A poet falls in love with an art student who gravitates to his bohemian lifestyle -- and his love of heroin. Hooked as much on one another as they are on the drug, their relationship alternates between states of oblivion, self-destruction, and despair.
Johnny and a couple pals kidnap Jake's 15-year-old brother, Zach, then assigns his buddy Frankie to be Zach's minder. They develop a brotherly friendship. Zach parties with his captors as things begin to spin out of control.
A 19 year old finds himself in debt to a local gangster when some gang loot disappears and sets him on the run from thugs. Meanwhile two street kids start a shopping spree when they find the missing money.
A fictionalized take on the group of brilliant young skateboarders raised in the mean streets of Dogtown in Santa Monica, California. The Z-Boys, as they come to be known, perfect their craft in the empty swimming pools of unsuspecting suburban homeowners, pioneering a thrilling new sport and eventually moving into legend.Written by
When Skip says "hey bro you're lookin hungry" to Stacy, Kathy is standing right next to them & is looking at Skip when he says it. The next scene Stacy mentions it and she acts like she didn't just hear it. See more »
During one of the surfers' waves at the cove, the yellow helmet is visible of a cameraman. See more »
[Biniak yells in Sid's ear, making him wipe out]
dude, he's got that inner ear thing!
Suck my inner ear, Jay-Boy!
See more »
The TriStar Pictures logo gets "Locals Only" spray-painted across it. See more »
Also released on DVD as an "Unrated Extended Cut". See more »
When I first heard this film was being made, I was very excited because, despite being about 10 years too late, grew up inspired by the Z-Boys through the writings and photographs of C.R. Stecyk and Glen E. Friedman. Adams, Alva and Peralta are the three most important skateboarders ever. Heck... I have a Jay Adams tattoo portrait.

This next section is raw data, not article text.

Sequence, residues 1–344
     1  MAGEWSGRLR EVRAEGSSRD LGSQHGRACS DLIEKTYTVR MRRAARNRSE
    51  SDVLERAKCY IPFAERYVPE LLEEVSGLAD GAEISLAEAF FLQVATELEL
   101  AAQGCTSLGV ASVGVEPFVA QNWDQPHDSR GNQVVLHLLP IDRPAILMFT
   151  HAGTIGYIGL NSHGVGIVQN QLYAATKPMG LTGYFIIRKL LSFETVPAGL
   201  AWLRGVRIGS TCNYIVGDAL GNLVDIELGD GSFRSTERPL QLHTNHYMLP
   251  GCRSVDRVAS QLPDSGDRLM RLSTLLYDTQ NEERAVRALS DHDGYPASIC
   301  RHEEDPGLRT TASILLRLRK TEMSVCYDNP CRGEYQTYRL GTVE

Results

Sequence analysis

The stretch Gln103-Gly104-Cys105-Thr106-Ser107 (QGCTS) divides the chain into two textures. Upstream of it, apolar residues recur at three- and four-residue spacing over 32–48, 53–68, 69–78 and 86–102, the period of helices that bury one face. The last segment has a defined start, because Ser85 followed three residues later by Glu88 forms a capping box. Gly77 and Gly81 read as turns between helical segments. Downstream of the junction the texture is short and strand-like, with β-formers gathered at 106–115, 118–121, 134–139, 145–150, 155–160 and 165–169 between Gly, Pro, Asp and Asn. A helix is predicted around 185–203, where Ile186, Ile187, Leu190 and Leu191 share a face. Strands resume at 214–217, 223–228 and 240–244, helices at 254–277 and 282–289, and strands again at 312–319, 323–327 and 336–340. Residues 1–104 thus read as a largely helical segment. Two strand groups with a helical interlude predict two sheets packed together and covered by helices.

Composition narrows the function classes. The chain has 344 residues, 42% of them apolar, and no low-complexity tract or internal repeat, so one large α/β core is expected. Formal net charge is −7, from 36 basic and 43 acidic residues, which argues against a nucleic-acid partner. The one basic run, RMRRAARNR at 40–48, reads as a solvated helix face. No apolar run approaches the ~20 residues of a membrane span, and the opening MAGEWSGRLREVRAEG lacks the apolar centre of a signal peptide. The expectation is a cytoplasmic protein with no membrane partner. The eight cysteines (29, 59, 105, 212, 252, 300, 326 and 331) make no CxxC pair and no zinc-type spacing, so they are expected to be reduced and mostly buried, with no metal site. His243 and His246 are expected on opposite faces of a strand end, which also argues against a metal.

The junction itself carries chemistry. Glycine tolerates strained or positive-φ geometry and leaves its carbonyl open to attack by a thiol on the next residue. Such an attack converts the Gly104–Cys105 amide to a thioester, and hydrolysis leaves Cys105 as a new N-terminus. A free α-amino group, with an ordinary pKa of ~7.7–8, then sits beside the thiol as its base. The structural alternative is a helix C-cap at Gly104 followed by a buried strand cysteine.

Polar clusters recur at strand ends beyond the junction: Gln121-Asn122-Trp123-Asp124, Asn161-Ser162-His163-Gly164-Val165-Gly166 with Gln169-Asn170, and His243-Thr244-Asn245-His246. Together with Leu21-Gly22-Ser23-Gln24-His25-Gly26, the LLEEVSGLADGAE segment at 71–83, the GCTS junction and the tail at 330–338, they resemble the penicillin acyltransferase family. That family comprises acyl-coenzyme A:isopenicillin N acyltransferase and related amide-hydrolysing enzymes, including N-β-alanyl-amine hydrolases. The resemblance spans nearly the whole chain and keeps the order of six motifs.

Then I had second thoughts fearing the Hollywood-ization of their story. I thought the drama of their tough lives in Venice would likely be glamorized and exploited with much of the truth unbelievably stretched. But I wasn't their to witness it, so I asked someone who was part of the Dogtown skate scene and friends with those the film is about, and he said that is exactly what the movie.
He also told me that if you're familiar with the true story or have even just seen the documentary (Dogtown & the Z-Boys), then the movie will just come off corny. But if you go into not expecting an intelligent film and just a fun movie, you may get just that. So I saw it today think it would be just that, and it was.
The skate scenes were all right, but excited me by striking up thoughts of the truth of it all. The aggressiveness of Ledger's portrayal of Skip Enblom seemed cheesy and over the top. The kids who played Peralta and Alva weren't terrible, too, but Emile Hirsch did a good job as Jay Adams. And I'm confused at who this Chino guy is. I'm guessing it's supposed to be Zephyr shop owner Jeff Ho who wouldn't have anything to do with the film.
It was funny to see cameos by Alva, Adams, Peralta, Skip and Bob Biniak. Tony Hawk's cameo was uncalled for. But overall, the film was enjoyable, especially by all everyone else in the theater, considering I was the only one above the age of 17 it seemed. And it's great to see the legend of these guys be spread to new generations, especially with skateboarding as popular than ever. I think all new skaters should recognize their roots.
I just hope people will make the effort to at least see the documentary and hopefully pick up Stecyk and Friedman's "Dogtown - The Legend of the Z-Boys" book and read all the original Skateboarder magazine stories and images. That can't be beat.
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